How To Compete With Big Companies & Attract Better Candidates

As president and founder of HireMinds, David Hayes wears two hats. He provides strategic guidance to his team of marketing, technology and science recruiters, as well as fulfilling all of the responsibilities of running a small business.
 

david hayes2 How To Compete With Big Companies & Attract Better Candidates

David Hayes
(Photo courtesy of David Hayes)

 

 

If I do not offer much by way of employee benefits, does it matter?

Yes, employee benefits matter. Today, job seekers are regularly asking about health and dental insurance as well as retirement savings plans. If you do not offer them, you may not even have a shot at the best candidates. The good news is that employee benefits packages can be less expensive than you think. While health insurance plans can be very expensive, there are ways to design the plan that won’t break the bank, including having higher deductibles with an HRA or HSA. Also, having a 401k is important to job seekers, even if you do not contribute to it. You’ll get some positive credit just for having one, and your only costs will be the administrative costs associated with maintaining the plan.

There are other exciting benefits you can offer that will not cost much, if anything, but will make people happy. These include pet insurance, access to purchase additional life insurance via the company broker and access to discounted tickets, such as sporting events or movies, through a service like Working Advantage, where there is a 35 employee minimum.

 

Since we cannot compete on salary with the big companies, what can we do on a limited budget to compete with companies who have such offering as catered lunches or on-site gyms?

If you are not going to compete on salary, you have to create an environment that people will want to work in for other reasons.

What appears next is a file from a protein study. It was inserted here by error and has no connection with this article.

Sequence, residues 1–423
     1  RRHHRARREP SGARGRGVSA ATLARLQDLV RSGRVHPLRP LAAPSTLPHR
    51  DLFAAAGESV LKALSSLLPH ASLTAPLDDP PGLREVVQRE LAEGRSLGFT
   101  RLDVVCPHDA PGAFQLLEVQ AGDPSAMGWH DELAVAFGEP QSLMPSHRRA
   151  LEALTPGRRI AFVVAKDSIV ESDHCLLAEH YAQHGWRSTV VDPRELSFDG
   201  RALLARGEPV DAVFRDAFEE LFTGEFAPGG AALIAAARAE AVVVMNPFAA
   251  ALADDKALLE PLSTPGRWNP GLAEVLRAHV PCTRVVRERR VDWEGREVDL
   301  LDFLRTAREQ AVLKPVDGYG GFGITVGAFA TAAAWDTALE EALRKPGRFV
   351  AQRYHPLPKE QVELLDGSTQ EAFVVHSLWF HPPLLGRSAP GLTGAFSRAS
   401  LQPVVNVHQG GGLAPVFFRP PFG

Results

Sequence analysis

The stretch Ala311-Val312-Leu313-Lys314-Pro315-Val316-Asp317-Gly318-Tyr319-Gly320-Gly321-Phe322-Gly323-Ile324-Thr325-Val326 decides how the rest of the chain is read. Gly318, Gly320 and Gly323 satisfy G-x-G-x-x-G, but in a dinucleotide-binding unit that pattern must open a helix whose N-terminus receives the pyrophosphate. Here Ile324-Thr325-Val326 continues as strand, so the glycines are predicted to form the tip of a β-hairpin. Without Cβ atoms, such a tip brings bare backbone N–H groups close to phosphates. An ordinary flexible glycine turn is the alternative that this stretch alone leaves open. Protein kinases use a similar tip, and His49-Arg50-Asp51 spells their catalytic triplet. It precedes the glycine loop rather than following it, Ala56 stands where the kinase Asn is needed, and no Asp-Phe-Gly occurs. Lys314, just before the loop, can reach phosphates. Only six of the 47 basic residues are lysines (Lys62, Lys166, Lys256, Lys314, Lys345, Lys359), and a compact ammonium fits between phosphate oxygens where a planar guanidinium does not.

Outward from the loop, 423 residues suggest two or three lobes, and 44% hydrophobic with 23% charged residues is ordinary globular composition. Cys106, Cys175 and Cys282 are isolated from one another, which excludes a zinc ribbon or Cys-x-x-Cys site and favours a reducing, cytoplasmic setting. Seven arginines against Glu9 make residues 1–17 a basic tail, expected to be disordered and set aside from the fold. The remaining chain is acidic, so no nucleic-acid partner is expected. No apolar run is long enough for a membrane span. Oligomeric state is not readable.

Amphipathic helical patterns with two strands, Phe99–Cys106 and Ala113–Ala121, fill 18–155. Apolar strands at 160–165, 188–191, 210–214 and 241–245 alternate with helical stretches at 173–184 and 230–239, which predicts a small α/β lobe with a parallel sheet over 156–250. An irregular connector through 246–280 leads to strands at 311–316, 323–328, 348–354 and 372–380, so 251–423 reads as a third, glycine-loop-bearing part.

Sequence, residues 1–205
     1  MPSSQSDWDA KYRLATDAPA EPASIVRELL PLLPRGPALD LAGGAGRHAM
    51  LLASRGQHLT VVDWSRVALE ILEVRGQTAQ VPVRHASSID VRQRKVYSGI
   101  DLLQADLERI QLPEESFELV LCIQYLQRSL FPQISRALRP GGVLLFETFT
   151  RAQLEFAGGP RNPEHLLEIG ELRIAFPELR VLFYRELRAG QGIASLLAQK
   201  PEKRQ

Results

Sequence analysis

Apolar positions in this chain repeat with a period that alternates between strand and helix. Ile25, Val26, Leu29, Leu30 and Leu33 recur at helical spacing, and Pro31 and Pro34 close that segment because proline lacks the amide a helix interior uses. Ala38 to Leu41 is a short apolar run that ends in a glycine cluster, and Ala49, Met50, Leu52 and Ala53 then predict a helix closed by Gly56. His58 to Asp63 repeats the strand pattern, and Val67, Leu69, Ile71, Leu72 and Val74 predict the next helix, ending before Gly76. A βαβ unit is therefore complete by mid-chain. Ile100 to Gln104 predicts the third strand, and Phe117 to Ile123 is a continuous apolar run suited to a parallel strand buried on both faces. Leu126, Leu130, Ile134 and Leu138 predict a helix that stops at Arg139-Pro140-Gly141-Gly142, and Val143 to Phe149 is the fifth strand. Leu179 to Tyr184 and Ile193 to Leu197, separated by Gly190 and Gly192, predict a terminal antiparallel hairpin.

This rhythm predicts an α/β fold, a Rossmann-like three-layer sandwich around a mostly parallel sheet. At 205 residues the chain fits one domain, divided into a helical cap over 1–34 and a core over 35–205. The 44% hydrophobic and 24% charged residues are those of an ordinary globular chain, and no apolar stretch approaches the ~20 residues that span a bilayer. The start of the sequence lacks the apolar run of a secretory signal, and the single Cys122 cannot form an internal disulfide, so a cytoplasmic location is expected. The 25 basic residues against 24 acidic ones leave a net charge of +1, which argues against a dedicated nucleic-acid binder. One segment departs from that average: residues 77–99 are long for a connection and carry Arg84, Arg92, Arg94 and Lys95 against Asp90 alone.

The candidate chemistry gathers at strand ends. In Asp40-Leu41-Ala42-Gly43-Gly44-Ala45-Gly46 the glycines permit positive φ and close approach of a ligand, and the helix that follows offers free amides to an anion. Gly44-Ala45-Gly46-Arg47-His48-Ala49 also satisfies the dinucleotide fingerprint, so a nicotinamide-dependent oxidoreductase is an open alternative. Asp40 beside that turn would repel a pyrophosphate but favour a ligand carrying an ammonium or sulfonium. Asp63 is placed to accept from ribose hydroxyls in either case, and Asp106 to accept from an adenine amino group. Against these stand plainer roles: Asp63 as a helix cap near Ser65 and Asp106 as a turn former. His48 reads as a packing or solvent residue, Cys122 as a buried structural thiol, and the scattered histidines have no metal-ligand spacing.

• Give them a better job. Big companies tend to silo people into narrow roles. Give people a chance to take on broader roles and highlight that fact during the interview process.
  • Offer better work-life balance. Do you allow your employees to work from home on occasion? Would you be willing to let them stagger their hours to avoid the heaviest traffic or to accommodate their child’s daycare or soccer practice schedule? Have you considered giving some extra time off to someone who works super long hours on a special project? Offer up ‘Summer Fridays’ where employees get to leave early on Fridays during the summer if their work is complete.
  • Foster a team spirit. It is not as hard as you might think. Have a different employee bring in donuts, bagels or other treats each Friday morning, and take the time to eat together. Have potluck lunches once a quarter. Have a fitness contest, giving each employee a fitness tracker and creating teams to see which team has the most ‘steps’ in a week. If it is appropriate for your environment, consider having a beer fridge and enjoying Beer o’clock on Thursday’s at 4 p.m. Host an ice cream social or have treats of any kind brought in. Nothing brings a team together more joyously than free food.

 
This article was written by Robin D. Everson of Examiner.com for CBS Small Business Pulse.

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